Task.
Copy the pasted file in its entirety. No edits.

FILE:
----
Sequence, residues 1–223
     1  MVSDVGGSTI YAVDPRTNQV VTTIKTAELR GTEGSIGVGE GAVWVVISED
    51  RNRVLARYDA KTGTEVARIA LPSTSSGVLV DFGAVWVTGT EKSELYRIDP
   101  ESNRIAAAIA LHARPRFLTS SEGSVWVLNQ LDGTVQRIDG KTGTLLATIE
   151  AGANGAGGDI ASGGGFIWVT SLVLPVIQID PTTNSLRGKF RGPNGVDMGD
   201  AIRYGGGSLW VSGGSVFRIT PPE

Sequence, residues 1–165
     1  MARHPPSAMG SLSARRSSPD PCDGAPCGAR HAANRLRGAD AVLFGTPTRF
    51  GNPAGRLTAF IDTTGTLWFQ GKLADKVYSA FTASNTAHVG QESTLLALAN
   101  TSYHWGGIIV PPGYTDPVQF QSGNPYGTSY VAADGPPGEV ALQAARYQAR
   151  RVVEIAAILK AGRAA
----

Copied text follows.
Sequence, residues 1–223
     1  MVSDVGGSTI YAVDPRTNQV VTTIKTAELR GTEGSIGVGE GAVWVVISED
    51  RNRVLARYDA KTGTEVARIA LPSTSSGVLV DFGAVWVTGT EKSELYRIDP
   101  ESNRIAAAIA LHARPRFLTS SEGSVWVLNQ LDGTVQRIDG KTGTLLATIE
   151  AGANGAGGDI ASGGGFIWVT SLVLPVIQID PTTNSLRGKF RGPNGVDMGD
   201  AIRYGGGSLW VSGGSVFRIT PPE

Sequence, residues 1–165
     1  MARHPPSAMG SLSARRSSPD PCDGAPCGAR HAANRLRGAD AVLFGTPTRF
    51  GNPAGRLTAF IDTTGTLWFQ GKLADKVYSA FTASNTAHVG QESTLLALAN
   101  TSYHWGGIIV PPGYTDPVQF QSGNPYGTSY VAADGPPGEV ALQAARYQAR
   151  RVVEIAAILK AGRAA